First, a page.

Clinical Chemistry and Laboratory Medicine (CCLM)
Published in Association with the European Federation of Clinical Chemistry and Laboratory Medicine (EFLM)
Editor-in-Chief: Plebani, Mario
Ed. by Gillery, Philippe / Greaves, Ronda / Lackner, Karl J. / Lippi, Giuseppe / Melichar, Bohuslav / Payne, Deborah A. / Schlattmann, Peter
IMPACT FACTOR 2018: 3.638
CiteScore 2018: 2.44
SCImago Journal Rank (SJR) 2018: 1.191
Source Normalized Impact per Paper (SNIP) 2018: 1.205
Prevalence of Anti-mycolic Acid Antibodies in Patients with Pulmonary Tuberculosis Co-infected with HIV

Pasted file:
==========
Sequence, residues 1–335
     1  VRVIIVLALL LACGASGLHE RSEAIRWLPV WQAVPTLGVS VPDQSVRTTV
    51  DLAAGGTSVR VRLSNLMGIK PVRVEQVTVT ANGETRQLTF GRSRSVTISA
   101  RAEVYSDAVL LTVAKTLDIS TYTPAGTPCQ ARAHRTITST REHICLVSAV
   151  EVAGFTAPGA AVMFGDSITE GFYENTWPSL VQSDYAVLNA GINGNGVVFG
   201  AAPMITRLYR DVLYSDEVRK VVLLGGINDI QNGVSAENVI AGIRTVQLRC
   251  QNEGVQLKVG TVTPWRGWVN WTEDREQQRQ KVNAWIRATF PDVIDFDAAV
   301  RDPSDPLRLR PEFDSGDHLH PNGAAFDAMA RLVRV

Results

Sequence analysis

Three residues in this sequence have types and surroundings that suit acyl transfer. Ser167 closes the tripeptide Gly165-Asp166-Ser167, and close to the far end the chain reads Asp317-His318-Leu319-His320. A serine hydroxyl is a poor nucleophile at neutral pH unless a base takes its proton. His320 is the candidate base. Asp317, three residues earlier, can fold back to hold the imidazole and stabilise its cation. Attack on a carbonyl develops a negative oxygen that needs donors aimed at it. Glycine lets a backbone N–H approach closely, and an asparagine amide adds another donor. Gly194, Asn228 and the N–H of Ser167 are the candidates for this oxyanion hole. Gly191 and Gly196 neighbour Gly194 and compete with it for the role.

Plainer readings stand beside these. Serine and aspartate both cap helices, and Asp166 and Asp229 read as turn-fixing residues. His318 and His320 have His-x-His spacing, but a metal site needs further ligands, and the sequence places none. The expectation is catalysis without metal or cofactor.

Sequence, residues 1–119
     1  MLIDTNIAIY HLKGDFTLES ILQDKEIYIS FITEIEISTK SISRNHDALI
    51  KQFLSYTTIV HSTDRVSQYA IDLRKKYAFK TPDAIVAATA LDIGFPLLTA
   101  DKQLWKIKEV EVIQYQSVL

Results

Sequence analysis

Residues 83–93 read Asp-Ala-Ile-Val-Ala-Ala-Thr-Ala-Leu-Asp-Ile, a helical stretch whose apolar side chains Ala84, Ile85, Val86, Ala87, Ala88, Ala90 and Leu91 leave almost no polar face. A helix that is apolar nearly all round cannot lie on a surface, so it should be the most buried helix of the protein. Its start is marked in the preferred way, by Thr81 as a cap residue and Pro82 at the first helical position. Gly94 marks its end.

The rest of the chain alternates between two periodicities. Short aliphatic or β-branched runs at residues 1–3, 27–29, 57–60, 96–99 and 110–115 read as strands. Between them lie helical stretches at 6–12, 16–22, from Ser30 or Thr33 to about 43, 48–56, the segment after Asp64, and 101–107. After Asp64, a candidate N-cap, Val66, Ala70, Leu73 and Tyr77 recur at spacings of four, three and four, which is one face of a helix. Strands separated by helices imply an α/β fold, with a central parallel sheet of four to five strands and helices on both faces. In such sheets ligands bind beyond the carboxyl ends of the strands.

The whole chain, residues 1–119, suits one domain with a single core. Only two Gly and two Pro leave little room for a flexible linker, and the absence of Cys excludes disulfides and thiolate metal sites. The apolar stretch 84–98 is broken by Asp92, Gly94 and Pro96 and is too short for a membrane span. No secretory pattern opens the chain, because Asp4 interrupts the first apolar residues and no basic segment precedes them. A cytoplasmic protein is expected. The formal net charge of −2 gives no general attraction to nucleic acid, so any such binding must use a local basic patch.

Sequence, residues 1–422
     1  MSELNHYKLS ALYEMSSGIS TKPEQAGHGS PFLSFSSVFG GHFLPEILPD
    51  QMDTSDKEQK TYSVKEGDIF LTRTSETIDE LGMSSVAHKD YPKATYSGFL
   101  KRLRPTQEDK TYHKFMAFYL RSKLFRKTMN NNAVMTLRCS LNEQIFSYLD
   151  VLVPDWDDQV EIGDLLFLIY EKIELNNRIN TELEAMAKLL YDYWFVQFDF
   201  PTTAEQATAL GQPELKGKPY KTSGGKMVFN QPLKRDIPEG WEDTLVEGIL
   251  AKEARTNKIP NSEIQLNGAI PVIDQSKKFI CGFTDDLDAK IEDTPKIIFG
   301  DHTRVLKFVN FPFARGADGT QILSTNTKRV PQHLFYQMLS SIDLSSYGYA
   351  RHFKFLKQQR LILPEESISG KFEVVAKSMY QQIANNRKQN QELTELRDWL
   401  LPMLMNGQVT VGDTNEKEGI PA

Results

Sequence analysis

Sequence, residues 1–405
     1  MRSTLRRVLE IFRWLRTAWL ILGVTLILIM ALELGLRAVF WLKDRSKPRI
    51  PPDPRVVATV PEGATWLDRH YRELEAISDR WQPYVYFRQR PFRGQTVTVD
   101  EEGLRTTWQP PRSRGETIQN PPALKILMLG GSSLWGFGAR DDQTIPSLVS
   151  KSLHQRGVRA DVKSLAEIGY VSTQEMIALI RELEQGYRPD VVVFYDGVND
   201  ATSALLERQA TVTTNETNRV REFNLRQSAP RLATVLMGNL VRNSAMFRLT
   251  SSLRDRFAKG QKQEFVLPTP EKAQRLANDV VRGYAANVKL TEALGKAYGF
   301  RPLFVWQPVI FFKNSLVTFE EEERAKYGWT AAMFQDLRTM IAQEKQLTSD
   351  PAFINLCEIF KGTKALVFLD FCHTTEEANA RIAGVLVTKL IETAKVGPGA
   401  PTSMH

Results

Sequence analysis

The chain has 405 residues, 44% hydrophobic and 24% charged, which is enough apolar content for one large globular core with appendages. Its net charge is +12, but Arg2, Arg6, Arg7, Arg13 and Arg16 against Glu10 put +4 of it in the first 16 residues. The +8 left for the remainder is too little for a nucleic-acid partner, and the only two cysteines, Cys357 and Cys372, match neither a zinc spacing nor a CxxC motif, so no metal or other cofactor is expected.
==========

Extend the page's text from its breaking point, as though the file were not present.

Isolation and purification of mycolic acids from Mycobacterium tuberculosis have allowed them to be applied as antigen in an ELISA-based assay to detect specific antibodies in human sera. Tuberculosis patients have previously been shown to contain anti-mycolic acids antibodies. The aim of this study was to determine whether human immunodeficiency virus (HIV) co-infection increases false-negative testing rate and whether other random diseases for which hospitalisation is normally required will contribute to false-positive results. Sera from 118 human subjects were tested for the presence of antibodies to mycolic acids; 59 were patients with proven pulmonary tuberculosis and 59 were control hospitalised patients without evidence of tuberculosis. Each group consisted of HIV-seropositive and HIV-seronegative subjects. The endpoint was the detection of specific antibodies to mycolic acids in the sera, before and after precipitation of immune complexes. The two groups of subjects were well matched for age, gender, race and HIV status. On average, humans infected with Mycobacterium tuberculosis showed a specific antibody response to mycolic acids that was not affected by low CD4 T-lymphocyte counts in HIV-seropositive patients but was compromised by various other serious diseases.
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